Global Trade Item Numbers (GTINs)

Do not ignore these! A GTIN uniquely identifies your product within Google’s product catalogue, ensuring product validity, as well as instantly making your product ads richer and easier for users to find, boosting impressions and potentially increasing click volumes and results.

In Europe, the GTIN may also be known as an EAN and is a 13-digit number. For books, this will be the ISBN number.

As Google puts it, a GTIN is a ‘strongly recommended’ attribute for all products that have been assigned one by the manufacturer. Alongside or instead of a GTIN, you may have other relevant unique product identifiers that should be included (e.g. brand and MPN – the Manufacturer’s Part Number).

Product Images

One of the core benefits of Google Shopping ads versus Google Search is the ability to see a product before you click through. Like titles, images are a user-facing attribute that can help contribute to whether a user decides to click on your ad or not, directly impacting CTR. Selecting the correct image is, therefore, absolutely essential.

At the very least, use professional, high-quality images that match the size requirements and accurately depict the product you’re selling (exact variant, colour, size, material). Remove any borders, watermarks, promotional elements or logos overlaid on images to avoid disapproval.

Best practice is to use imagery that gives a clear view of the main product being sold, ideally on a solid white or transparent background. Aim to show a single unit of the product (unless it’s a multipack or bundle) and don’t include any other products within the image.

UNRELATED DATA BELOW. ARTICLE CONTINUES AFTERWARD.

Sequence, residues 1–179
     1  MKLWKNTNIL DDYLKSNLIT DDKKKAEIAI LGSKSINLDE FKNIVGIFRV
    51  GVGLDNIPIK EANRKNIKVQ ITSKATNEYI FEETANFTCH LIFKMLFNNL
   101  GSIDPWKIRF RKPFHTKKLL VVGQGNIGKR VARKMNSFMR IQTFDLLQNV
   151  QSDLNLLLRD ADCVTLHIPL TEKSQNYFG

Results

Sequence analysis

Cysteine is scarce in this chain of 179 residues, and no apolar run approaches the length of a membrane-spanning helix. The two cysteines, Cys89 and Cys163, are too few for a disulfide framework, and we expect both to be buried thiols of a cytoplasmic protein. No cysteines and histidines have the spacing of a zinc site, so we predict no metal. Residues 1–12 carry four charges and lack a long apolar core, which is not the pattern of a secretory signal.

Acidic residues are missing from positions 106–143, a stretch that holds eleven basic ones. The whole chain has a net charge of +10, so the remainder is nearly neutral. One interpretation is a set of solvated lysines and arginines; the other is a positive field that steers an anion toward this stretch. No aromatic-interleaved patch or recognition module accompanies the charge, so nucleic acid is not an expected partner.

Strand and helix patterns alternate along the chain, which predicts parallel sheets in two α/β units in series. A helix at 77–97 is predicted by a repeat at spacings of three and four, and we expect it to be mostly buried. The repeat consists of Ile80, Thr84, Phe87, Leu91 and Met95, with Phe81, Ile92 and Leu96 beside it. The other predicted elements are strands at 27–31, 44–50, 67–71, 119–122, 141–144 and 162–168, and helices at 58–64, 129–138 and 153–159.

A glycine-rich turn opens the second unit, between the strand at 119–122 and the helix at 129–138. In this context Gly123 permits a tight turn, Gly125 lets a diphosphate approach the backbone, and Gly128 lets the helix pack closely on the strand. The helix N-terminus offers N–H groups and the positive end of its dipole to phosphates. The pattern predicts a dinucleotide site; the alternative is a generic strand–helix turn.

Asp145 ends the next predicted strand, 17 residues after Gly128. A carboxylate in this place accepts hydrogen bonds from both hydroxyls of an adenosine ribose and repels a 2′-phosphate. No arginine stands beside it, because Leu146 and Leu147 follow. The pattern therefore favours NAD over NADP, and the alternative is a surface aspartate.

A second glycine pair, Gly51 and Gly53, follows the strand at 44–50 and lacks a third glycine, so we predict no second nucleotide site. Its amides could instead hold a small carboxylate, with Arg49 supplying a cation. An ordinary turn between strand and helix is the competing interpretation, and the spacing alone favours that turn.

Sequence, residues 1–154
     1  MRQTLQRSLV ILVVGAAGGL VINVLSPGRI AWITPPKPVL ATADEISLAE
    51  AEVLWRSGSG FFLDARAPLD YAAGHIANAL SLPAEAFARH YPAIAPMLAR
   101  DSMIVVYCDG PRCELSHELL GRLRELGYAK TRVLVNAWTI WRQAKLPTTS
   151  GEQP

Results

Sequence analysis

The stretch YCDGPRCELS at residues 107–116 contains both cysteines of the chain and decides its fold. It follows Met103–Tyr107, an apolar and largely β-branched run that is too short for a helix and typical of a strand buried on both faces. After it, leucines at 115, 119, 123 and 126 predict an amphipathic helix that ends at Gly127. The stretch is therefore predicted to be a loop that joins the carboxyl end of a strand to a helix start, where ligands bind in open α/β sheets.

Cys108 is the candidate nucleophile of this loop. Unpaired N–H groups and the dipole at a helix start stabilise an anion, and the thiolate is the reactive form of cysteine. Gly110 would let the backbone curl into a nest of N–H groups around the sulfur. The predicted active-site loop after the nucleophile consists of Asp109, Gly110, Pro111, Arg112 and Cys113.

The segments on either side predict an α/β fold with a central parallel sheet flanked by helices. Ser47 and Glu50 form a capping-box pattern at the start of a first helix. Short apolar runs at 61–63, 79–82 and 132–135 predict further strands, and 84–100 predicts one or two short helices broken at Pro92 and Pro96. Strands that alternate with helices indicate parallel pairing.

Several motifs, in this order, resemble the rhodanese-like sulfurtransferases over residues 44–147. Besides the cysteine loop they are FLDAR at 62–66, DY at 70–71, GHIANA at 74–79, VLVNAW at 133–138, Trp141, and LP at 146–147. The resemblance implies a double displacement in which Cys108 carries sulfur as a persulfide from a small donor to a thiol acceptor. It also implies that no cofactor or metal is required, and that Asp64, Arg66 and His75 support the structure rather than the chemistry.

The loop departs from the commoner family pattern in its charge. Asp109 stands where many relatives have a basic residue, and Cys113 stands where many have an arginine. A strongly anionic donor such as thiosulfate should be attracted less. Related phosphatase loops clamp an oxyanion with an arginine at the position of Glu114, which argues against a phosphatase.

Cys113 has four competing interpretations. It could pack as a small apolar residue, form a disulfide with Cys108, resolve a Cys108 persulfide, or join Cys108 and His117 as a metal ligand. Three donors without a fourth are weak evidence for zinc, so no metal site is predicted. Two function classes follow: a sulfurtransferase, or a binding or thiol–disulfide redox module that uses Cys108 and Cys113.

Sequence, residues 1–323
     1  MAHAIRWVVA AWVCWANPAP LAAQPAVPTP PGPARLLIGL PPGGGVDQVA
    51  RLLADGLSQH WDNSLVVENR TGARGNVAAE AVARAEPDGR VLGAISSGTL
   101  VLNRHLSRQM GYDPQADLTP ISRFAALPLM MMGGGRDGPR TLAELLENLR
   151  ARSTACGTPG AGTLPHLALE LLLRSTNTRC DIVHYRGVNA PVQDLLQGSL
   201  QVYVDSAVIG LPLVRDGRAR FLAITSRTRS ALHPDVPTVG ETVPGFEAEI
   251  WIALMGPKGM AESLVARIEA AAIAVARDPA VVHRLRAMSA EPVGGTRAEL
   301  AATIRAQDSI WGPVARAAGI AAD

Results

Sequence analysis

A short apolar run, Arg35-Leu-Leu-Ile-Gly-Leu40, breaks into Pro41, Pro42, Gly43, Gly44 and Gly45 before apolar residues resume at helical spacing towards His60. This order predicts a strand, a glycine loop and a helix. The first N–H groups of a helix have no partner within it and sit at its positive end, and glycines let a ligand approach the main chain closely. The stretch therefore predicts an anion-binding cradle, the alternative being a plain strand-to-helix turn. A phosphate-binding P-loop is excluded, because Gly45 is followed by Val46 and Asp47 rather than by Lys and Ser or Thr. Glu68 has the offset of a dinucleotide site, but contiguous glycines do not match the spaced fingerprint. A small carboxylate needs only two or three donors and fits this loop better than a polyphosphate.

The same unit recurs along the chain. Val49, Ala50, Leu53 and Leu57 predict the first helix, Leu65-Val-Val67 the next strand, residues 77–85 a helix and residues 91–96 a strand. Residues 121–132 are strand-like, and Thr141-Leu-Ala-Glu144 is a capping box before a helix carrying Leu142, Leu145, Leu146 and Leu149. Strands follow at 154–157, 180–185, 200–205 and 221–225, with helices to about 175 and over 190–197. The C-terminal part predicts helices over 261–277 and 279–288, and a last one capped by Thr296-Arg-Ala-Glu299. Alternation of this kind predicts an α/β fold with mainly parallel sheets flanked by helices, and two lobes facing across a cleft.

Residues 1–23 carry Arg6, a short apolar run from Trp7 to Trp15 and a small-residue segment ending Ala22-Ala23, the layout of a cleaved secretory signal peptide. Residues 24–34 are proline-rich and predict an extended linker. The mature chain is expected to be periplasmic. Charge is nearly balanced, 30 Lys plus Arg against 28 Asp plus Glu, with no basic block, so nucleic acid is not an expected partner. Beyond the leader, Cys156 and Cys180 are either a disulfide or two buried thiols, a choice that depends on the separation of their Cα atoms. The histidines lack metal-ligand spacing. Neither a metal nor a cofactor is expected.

You’ve also got the option of adding lifestyle imagery or various angles/shots of the product as additional images using the additional_image_link attribute.

Final Thoughts

To be honest, Product Feed optimisation can get incredibly in-depth, and we’ve barely scratched the surface here. But hopefully, we’ve got you thinking and you’ll go away and begin the process of reviewing your own feed, starting with Product Titles, Product Descriptions, GTINs and Product Images.

For more information, Google has a comprehensive list of every single attribute you could ever want to use or learn more about. Perhaps a spot of bedtime reading?

Of course, if you have any further questions or would like help with your own Product Feed, or Google Shopping campaigns, you can fire us an email here...